A Day in the Life: Vera Mehta (Senior Engineering Manager, Twitter)

Vera Mehta (Senior Engineering Manager, Twitter)

What has your journey in tech been so far?

I started programming long before formally studying it, and I particularly enjoyed making things for the web. I went on to study Architecture (of buildings, not software!) and Computer Science. My career began in a few start-ups, then moved into larger UK-based organisations and government departments. This was mainly as a software engineer before I moved into leadership roles.

I’d say my biggest impact was being one of the founding members of Digital in the Ministry of Justice (MOJ) and helping MOJ to deliver its first digital strategy. As well as delivering some of the earliest services to citizens, I built a highly successful team of 60+ engineers within the challenging environment of a central government department. I helped to establish the Ministry of Justice as one of the centres of excellence for digital delivery in the public sector, before heading to Marks & Spencers and finally Twitter.

What’s been the biggest challenge you’ve faced moving into your current role?

Twitter is a globally distributed organisation, with a complex ecosystem of technology at its heart. A big challenge for me has been adjusting to this and finding the right balance between the freedom and autonomy of my team vs. the need to seamlessly integrate with the culture, processes and technical systems in the wider organisation.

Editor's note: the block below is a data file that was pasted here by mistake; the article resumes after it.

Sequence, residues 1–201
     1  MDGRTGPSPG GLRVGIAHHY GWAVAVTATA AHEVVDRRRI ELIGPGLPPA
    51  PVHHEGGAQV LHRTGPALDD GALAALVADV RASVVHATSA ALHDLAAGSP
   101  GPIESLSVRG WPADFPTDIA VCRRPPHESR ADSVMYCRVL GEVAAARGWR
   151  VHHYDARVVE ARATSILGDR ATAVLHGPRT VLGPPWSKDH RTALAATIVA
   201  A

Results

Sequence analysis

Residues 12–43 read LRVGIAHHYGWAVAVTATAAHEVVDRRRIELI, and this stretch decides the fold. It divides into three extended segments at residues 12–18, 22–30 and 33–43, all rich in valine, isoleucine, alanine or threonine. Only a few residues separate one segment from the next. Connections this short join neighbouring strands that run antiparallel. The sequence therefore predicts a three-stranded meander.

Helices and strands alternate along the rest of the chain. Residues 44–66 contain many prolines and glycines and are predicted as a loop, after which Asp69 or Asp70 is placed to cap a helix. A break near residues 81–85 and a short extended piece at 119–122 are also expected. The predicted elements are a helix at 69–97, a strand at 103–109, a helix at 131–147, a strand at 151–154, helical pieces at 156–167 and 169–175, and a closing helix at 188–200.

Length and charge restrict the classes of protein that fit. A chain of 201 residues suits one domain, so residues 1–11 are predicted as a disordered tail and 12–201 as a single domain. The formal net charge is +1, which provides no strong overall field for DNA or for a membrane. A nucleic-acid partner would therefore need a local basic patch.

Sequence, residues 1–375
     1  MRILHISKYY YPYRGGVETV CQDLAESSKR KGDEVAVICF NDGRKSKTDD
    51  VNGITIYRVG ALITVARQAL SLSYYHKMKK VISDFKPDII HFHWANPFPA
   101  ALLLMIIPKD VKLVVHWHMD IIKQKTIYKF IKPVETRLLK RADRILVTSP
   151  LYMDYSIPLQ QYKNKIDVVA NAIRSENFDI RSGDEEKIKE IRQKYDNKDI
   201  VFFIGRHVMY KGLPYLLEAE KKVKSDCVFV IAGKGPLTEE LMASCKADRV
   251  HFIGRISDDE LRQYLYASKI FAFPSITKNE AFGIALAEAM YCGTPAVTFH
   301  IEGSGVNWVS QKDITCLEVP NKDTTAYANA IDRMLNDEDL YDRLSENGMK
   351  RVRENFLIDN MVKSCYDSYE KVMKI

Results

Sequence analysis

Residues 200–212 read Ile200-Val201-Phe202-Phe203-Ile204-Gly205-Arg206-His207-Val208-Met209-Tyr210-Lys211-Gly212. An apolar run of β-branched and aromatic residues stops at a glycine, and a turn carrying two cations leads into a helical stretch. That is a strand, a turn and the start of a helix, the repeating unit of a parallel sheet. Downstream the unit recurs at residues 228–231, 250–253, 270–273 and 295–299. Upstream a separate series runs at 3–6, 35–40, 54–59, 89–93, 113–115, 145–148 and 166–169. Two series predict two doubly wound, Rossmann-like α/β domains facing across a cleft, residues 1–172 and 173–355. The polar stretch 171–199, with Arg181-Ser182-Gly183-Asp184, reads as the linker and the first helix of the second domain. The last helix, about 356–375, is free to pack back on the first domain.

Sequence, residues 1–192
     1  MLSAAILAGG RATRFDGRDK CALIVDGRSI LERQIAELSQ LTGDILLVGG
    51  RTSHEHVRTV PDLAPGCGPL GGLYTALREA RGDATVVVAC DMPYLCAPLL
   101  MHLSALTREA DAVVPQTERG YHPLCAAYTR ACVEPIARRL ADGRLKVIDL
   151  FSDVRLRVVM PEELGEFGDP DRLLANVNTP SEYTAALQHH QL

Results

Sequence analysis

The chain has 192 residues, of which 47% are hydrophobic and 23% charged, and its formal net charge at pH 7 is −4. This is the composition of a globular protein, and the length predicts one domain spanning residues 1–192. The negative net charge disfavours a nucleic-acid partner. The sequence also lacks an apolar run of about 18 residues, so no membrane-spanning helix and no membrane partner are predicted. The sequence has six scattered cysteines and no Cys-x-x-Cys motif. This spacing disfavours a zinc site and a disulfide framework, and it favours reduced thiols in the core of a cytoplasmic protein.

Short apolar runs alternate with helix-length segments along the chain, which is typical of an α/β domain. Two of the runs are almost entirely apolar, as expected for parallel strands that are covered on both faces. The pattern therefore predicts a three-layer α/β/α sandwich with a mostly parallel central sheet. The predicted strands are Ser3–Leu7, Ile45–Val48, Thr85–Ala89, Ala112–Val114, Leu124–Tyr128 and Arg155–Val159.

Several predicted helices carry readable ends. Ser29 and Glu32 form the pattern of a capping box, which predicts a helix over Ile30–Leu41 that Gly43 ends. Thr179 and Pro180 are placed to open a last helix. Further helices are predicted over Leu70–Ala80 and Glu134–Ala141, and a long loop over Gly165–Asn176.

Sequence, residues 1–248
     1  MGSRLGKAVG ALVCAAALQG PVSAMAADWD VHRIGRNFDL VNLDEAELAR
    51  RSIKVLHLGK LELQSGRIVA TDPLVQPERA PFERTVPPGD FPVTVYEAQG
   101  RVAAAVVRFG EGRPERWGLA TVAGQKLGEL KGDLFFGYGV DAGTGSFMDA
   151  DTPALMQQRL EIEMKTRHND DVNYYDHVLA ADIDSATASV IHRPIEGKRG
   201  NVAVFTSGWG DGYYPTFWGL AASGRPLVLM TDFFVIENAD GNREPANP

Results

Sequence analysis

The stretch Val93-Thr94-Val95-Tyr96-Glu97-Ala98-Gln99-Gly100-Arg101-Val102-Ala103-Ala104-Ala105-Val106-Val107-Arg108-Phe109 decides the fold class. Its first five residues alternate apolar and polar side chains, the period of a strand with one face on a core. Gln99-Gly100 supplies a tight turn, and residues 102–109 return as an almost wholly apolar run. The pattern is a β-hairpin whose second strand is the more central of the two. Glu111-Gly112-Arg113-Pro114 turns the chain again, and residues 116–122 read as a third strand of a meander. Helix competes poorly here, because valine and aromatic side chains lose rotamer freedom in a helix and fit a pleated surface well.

Briefly describe your tech stack

The codebase is really exciting. The product has been around for nearly ten years. Tweets in columns sound simple, right? But there is a whole world of complexity to providing tweets and interactions in near-real-time. As a team, we constantly stumble into new areas and have opportunities to discover other parts of the Twitter codebase: there is a lot of tech debt we are tackling, but there is always something new to master.

What does your typical day look like?

I receive a tonne of emails like most people. I spend the first part of my morning reading and replying to things, figuring out what decisions need to be made, creating/adding thoughts to documents people have shared. I scatter 1:1s with the team and tactical meetings with other teams / EMs throughout the week. We have a strong agile process that cycles every two weeks.

What’s the best and worst part of your job?

The thing I enjoy the most is giving opportunities for my team to develop, and seeing the impact this has on what we’re trying to achieve with the product. I love finding out people’s unique strengths and interests and using these to help them build skills, knowledge and confidence. A key part of this for me is being a strong supporter of women in technology, and I’ve been helping to run @womeng+ (Women in Technology) at Twitter for nearly 2 years.

What’s the best piece of advice you’ve received?

“Don’t do things simply for recognition. It will never be enough and your expectations will rarely be met. Do things because they are the right thing to do, because you care.”

What is your most useful resource?

I’m dyslexic and I find it challenging to read large blocks of text. Twitter to me is easier to read, a bit like comics — bitesize chunks and visuals. Blinkist is also my go-to, Harvard Business Review which I take the time to read, and audiobooks wherever possible.

What one thing would you like to learn, develop or work on for 2019?

I’m keen to get more insight into what aspects of a job really make me happy and shaping this into what I currently do. Understanding what you can do next sets a direction, allows you to plan, and set out on a journey of fun and exploration!



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